• Attribute cursor_name%notfound=true
    • Close Cursor
    • Close Cursor_Name
  • Trigger
    • Trigger is a special procedure or sub program is bound to a table’s transaction and will be execute when the bound table receive transaction. There two type of Trigger: Row Trigger and Statement Trigger
    • Row trigger is trigger which will execute every row effect by transaction.
    • Statement trigger is execute a time for every statement. It’s does not depend on how many rows created by transaction
  • Trigger
    • Syntax:
    • Create [or replace] trigger trigger_name
    • After|Before Transaction
    • On Table_name
    • [For Each row ]
    • [When condition]
    • --Declare parts
    • Begin
    • --PL/SQL Codes;
    • End;
    • Transaction : [INSERT [Or Delete Or [Update [of ColumnName,…]]]
  • Trigger
    • :New and :Old
    • :New is a trigger parameter store the inserted records and new records of update statement.
    • :Old is a trigger parameter store the deleted records and previous records of update statement.
    • INSERTING,DELETING,UPDATING is a Boolean parameter use to recognize transaction type.
  • Procedure and Function
    • Create [Or Replace] Procedure Name-Of-Procedure(Par,…..) IS
    • --Variable declaration
    • Begin
    • --PL/SQL Statement;
    • End;
    Create Or Replace Function Name-Of-Function (Par,…..) Return DataType IS --Variable declaration Begin --PL/SQL Statement; Return Value,-- return the value to function End;
  • Procedure and Function
    • Parameters are variable use for receiving value from argument and parsed value to arguments.
    • Syntax:
    • Par-Name [IN|OUT|IN OUT] DataType
    • IN parameters use to receive value only from clients;
    • OUT Parameter use to parse value from server to client’s arguments.
    • IN OUT parameter for both receive and parsed.
    • Parameter cannot specific size
  • Oracle Security Chapter 7
    • Learning Topics:
        • Create Users
        • Privileges and Granting Privileges
        • Role
        • Auditing Users
  • Create Users
    • A user is a key to access database. An user must be provided some privileges (right) for access database objects and perform tasks.
    • Syntax Create User
    • Create User UserNam e Identified by password
    • [Password expire]
    • [Default Tablespace name-of-tablespace ]
    • [Temporary tablespace name-of-temporary-tablespace ]
    • [Quota {Size|Unlimited} on Tablespace-Name ]
    • ---------;
  • Create Users(Continue)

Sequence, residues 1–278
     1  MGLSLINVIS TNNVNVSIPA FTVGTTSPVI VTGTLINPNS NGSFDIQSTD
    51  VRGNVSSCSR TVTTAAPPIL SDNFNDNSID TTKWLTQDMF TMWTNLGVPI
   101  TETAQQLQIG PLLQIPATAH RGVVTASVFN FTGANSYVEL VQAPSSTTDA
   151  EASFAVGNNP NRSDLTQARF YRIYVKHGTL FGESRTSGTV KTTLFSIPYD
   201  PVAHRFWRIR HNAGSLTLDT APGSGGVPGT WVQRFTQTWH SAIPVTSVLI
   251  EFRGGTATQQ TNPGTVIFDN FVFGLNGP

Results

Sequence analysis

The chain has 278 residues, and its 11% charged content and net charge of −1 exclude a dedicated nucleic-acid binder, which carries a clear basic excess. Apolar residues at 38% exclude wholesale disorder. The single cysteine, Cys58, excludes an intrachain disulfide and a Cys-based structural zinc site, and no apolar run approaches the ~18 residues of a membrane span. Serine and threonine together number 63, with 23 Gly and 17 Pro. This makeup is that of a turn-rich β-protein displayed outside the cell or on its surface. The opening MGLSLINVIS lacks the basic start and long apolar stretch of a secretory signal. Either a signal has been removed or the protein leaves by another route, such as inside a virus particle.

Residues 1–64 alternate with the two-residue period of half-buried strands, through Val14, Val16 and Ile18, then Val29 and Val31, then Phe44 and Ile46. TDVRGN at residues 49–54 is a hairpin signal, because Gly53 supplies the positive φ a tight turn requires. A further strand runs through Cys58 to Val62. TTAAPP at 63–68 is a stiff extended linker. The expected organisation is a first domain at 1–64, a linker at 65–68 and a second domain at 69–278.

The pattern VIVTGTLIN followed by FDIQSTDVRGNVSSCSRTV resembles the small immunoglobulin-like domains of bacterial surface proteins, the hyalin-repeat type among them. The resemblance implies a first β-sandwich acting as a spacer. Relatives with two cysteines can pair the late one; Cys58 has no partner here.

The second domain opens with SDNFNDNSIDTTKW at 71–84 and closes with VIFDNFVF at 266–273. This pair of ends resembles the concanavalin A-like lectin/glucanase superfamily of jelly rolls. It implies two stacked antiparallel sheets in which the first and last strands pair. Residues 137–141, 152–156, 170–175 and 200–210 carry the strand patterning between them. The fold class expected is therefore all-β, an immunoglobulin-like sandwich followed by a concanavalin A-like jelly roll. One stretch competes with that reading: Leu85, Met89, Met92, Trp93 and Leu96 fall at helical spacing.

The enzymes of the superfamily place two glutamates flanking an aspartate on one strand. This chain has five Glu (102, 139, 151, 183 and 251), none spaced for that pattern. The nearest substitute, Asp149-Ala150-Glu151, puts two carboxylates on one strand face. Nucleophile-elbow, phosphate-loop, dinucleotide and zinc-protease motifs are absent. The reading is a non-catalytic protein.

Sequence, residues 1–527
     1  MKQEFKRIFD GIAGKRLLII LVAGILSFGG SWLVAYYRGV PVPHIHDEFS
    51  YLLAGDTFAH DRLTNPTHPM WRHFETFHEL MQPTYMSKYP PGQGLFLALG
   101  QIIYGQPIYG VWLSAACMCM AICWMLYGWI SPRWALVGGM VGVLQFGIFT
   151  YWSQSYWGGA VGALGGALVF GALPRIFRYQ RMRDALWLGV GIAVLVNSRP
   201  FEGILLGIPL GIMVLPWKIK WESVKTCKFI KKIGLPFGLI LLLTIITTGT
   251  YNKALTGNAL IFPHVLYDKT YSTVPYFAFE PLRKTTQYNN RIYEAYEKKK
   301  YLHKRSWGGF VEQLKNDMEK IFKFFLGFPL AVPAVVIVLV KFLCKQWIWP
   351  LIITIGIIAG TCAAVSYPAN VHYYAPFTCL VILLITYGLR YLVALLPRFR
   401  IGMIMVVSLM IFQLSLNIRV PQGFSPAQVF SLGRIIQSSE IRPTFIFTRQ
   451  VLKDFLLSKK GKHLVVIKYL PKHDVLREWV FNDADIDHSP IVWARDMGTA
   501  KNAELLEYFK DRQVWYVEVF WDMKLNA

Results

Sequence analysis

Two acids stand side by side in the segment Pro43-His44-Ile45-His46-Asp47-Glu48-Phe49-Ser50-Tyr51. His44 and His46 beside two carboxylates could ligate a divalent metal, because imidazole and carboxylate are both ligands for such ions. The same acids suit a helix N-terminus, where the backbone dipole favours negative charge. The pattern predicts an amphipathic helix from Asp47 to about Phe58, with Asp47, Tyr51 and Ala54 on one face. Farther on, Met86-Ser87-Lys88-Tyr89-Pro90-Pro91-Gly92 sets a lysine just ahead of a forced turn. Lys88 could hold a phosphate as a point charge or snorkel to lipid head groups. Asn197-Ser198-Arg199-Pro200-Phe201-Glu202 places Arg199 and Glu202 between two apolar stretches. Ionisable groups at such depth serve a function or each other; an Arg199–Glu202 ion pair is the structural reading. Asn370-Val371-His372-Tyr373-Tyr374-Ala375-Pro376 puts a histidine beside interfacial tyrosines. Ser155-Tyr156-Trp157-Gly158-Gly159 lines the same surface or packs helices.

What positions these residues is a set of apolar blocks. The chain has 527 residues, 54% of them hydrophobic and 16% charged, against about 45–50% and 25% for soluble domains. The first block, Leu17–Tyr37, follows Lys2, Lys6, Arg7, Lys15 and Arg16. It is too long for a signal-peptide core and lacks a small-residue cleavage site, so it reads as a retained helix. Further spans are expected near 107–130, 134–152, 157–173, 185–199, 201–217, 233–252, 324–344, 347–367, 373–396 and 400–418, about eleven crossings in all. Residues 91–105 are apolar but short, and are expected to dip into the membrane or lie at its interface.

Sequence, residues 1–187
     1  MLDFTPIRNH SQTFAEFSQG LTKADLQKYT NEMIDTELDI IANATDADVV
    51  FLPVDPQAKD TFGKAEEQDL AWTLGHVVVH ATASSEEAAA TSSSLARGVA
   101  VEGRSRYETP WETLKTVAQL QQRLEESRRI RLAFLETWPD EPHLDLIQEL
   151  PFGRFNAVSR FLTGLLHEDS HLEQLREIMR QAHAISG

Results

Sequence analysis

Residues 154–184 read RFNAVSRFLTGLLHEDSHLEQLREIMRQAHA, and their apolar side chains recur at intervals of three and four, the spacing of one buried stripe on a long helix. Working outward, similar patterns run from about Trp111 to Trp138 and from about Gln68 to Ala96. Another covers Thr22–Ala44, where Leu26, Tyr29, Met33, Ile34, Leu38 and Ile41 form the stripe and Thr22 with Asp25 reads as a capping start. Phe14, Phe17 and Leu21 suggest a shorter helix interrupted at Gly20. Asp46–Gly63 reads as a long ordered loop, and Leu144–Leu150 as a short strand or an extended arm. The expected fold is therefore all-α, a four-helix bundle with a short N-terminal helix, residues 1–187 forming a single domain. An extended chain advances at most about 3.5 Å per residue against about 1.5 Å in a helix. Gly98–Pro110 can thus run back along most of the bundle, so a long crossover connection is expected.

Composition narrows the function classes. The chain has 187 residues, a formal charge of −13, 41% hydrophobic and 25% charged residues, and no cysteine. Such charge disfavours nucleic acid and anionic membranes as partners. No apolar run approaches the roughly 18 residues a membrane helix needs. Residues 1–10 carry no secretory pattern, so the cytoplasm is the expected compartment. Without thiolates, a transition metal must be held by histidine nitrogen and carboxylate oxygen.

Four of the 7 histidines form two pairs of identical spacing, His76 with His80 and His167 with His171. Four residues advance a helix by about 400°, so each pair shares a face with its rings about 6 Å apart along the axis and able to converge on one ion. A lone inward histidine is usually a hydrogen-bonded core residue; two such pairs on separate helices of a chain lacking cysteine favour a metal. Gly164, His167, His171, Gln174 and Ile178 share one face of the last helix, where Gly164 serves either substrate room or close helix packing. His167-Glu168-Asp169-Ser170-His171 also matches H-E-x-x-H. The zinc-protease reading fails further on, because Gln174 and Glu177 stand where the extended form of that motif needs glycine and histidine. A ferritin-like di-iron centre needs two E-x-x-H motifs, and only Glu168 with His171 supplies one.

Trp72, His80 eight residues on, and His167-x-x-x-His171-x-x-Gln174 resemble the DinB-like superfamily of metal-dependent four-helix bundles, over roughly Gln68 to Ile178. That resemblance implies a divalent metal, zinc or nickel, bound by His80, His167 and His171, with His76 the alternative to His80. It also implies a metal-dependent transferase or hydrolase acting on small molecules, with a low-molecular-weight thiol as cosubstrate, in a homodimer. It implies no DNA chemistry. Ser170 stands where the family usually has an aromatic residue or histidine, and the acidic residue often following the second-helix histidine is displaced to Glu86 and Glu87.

• - User-Name must be string and no duplicate
    • Password is user password
    • Password Expire an option for user change password at first time log on
    • Default tablespace is tablespace to store object will be created by users.
    • Temporary tablespace is name of temporary tablespace will store data query of users.
    • Quota is the permission to use tablespace
  • Create User (Example)
    • Ex1
    • Create User BBUMSC Identified by bbu
    • Password Expire
    • Default tablespace users
    • Temporary tablespace temp
    • Quota 100M on Users;
    • Ex2:
    • Create User BBUCEO
    • Identified by bbumanager
    • Temporary tablespace temp;
  • Privileges
    • Privilege is right to access oracle system:
    • There are two type of Privileges System Privilege
    • And Object Privileges
    • System Privileges: Right to access system resources. System Privileges consist of:
    • Create Session
    • Select ANY TABLE
    • INSERT ANY TABLE
    • UPDATE ANY TABLE
    • DELETE ANY TABLE
    • CREATE TABLE,CREATE VIEW,CREATE TABLESPACE,….
  • Privileges (Continue)
    • Granting System Privileges:
    • Grant Privileges,… to USERNAME
    • [With Grant Option]
    • Example
    • Grant Create Session,Select Any Table,Create Tablespace,Create Table to BBUMSC;
  • Privileges (Continue)
    • Are right to access data in table, view and execute store procedure, function and package:
    • Object Privileges consist of:
    • Select
    • Insert
    • Delete
    • Update
    • Execute
    • Syntax: Granting Object Privileges:
    • Grant All|Select,Insert On ObjectName to UserName
    • [With Grant Option];
    • Example:
    • Grant All on Students to BBUMSC;
  • Roles
    • Role is a set of privileges use to grant to users.
    • Syntax Create Role:
    • Create Role RoleName;
    • To grant privileges to role is the same user.
    • Example:
    • Create Role StudentRole;
    • Grant create session,Select any table to StudentRole;
    • Grant StudentRole to BBUMSC;
  • Auditing User
    • Use to control action of users who access to oracle system.
    • Syntax:
    • Audit option,.. [by user]
    • [by access|by session]
    • [whenever [not] successful];
    • Audit Option
    • - Select Table
    • - Delete Table
    • - Update Table
    • - Insert Table
    • - Session
    • - ……..
  • Auditing User (Continue)
    • To set audit user:
      • - Set Parameter file
      • AUDIT_TRAIL=True
      • - User Audit Command
      • - Check Audit on view
    • End of Chapter 7
  • Oracle Backup & Recovery Chapter 8
  • Oracle Backup & Recovery
    • 4-1 Backup/Recovery Basic
    • 4-2 Oracle Backup/Recovery Configuration
    • 4-3 Physical Backups
    • 4-4 Types of Failure and Troubleshooting
    • 4-5 Oracle Recovery without Archiving
    • 4-6 Complete Recovery with Archiving
    • 4-7 Incomplete Recovery with Archiving
    • 4-8 Recovery when loss of Control Files / Online Redo Logfiles
  • Oracle backup/recovery basic
    • Backup methods
    • Backup strategy
  • Backup methods
    • Logical backup
      • export/import
        • Database, user, table, table partition
        • full
        • increasement
    • Physical backup